President Trump signed a memo to boost government spending on STEM education this week. Girls Who Code wasn’t there.
Saying “resistance is not futile,” Girls Who Code founder and CEO Reshma Saujani explains in a New York Times op-ed why she declined an invitation by the president’s daughter, Ivanka Trump, to hop on board the initiative, which is being backed by tech giants such as Google and Facebook.
“To work with this administration in any capacity is to normalize it, and all of the hate and bigotry it represents,” Saujani wrote. “That is the very real danger we face as the months drag into years, and each successive outrage fades from memory.”
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Saujani, an attorney and activist who once ran for Congress, started the nonprofit Girls Who Code in 2012. Now a nationwide push to close the tech gender gap, Girls Who Code is backed by some of the companies that joined the Trump administration announcement this week.
“While I have great respect for the partners participating in this program, many of whom support the work of Girls Who Code, I do not believe this initiative — nor any partnership with this White House — can reverse the harm this administration has already done in attempting to legitimize intolerance,” she wrote. “Indeed, collaborating with this administration, on any issue, emboldens it only further.”
Saujani wrote that some private sector and nonprofit leaders have already learned “the hard way” about teaming up with Trump or supporting parts of his agenda: “There was never a table in any meaningful sense, nor any seats to take.”
In Silicon Valley, the most high-profile example of that was Elon Musk’s departure from the president’s advisory councils in June after Trump announced he would be pulling the United States out of the Paris climate agreement. Before that, then-Uber CEO Travis Kalanick had quit Trump’s business advisory council over the administration’s initial travel ban proposal.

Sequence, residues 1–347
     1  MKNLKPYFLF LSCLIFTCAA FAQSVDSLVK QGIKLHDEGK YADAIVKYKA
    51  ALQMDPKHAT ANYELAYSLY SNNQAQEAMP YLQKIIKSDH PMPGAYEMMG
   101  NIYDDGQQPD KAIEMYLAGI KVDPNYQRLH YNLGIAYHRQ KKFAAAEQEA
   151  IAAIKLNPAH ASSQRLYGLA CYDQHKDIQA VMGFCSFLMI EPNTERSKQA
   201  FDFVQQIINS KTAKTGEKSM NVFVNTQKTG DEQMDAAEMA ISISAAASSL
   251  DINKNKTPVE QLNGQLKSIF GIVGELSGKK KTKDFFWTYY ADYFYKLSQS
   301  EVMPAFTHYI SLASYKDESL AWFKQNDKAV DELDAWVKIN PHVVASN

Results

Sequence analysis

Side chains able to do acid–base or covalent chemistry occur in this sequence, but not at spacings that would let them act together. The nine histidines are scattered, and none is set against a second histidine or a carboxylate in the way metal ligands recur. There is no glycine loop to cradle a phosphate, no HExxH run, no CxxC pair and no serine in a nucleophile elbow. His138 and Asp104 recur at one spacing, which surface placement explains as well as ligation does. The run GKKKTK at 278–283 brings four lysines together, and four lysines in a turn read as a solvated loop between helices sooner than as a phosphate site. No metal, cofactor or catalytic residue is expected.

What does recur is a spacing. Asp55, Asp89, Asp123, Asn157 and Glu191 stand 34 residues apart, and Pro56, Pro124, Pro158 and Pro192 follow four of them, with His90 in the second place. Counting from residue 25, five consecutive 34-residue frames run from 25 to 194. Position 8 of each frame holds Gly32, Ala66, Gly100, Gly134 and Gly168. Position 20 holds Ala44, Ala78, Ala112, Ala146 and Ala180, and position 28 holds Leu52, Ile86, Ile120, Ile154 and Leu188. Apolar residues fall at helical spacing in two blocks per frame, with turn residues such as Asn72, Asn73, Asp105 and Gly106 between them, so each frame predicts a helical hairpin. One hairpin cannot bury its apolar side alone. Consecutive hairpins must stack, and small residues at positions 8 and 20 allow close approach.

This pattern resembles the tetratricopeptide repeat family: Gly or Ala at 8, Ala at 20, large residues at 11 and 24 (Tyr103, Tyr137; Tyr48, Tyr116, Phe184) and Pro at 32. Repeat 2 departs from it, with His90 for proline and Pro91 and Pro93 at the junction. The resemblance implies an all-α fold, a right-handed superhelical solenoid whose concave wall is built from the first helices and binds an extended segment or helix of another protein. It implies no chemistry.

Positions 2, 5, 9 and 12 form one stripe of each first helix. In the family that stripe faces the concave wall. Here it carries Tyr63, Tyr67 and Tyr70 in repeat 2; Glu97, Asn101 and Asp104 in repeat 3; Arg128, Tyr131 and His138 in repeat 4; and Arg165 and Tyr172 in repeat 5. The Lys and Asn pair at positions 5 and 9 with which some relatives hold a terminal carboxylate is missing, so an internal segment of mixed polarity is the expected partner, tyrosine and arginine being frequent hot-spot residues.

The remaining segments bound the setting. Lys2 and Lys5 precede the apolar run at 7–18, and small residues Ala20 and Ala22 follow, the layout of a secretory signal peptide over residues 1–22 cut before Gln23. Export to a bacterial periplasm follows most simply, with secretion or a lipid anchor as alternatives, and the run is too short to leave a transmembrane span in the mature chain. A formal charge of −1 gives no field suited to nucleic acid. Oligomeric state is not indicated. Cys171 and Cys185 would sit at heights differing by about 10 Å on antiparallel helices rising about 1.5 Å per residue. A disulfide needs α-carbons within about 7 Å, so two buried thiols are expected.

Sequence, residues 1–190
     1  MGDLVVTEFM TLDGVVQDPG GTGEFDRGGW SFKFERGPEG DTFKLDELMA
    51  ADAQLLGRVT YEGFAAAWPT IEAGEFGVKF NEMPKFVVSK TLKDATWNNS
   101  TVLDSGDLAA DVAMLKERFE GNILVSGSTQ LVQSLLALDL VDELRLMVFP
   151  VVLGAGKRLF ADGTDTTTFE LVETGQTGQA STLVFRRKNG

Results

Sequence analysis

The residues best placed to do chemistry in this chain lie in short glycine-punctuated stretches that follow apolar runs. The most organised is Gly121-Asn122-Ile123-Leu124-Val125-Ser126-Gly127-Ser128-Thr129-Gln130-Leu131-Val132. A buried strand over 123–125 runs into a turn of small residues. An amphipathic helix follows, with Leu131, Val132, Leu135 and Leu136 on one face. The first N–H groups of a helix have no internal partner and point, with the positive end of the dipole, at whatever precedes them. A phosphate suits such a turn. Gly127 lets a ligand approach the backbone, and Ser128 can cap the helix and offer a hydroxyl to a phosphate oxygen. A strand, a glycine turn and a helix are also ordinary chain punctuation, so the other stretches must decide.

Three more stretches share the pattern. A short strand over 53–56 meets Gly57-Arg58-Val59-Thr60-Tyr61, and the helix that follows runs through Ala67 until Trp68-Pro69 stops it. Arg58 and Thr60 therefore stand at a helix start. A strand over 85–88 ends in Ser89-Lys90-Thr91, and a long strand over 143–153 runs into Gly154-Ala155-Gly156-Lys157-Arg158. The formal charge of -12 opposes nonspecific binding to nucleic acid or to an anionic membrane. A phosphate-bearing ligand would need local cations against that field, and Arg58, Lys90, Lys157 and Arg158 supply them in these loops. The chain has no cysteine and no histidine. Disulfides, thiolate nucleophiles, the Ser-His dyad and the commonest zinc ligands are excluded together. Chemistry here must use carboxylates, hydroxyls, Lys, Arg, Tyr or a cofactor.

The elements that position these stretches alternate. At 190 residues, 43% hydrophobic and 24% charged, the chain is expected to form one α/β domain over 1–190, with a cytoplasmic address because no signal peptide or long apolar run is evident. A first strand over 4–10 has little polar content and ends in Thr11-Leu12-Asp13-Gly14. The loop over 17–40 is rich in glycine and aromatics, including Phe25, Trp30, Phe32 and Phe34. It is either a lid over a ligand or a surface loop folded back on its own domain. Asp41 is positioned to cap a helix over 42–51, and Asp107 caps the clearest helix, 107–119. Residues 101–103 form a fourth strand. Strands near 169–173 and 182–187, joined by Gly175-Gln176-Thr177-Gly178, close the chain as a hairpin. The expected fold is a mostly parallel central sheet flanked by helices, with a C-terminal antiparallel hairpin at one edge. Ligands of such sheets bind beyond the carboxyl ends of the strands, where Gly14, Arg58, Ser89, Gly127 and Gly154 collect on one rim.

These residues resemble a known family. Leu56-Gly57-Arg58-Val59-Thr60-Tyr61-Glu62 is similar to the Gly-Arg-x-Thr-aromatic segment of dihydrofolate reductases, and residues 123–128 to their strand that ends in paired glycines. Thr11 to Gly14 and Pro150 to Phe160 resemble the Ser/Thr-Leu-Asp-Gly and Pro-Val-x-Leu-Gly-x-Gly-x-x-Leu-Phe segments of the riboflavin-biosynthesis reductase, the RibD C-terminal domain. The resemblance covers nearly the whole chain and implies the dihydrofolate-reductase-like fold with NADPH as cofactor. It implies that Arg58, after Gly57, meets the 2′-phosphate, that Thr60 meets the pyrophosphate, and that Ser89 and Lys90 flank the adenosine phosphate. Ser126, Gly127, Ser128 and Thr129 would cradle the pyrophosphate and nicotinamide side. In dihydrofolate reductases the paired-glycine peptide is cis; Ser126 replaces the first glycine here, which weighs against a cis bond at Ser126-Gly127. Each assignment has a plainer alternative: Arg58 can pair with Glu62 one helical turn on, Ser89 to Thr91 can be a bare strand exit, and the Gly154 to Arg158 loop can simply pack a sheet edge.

Since then, many business leaders and others have quit numerous presidential councils over Trump’s response to the deadly white supremacist rally in Charlottesville. He blamed “both sides.”
Saujani acknowledged the argument that engaging with Trump could lead to finding “common ground.”
But to that, she responds: “I believe Girls Who Code sends a more powerful message — to the young women we aim to empower, to other organizations making strategic choices and to President Trump himself — by refusing to engage.
“Federal funding for increasing inclusion means little when coupled with policies like [Trump’s travel ban] and others that trample on the rights of immigrants, women, and L.G.B.T.Q. Americans,” Saujani wrote.
Saujani has long resisted the Trump administration. In May, she objected to being included in Ivanka Trump’s book, “Women Who Work.” She tweeted:
.@ivankatrump don't use my story in #WomenWhoWork unless you are going to stop being #complicit #askivanka
— Reshma Saujani (@reshmasaujani) May 2, 2017
Photo courtesy of Girls Who Code
Tags: Donald Trump, education, gender gap, Girls Who Code, Reshma Saujani, STEM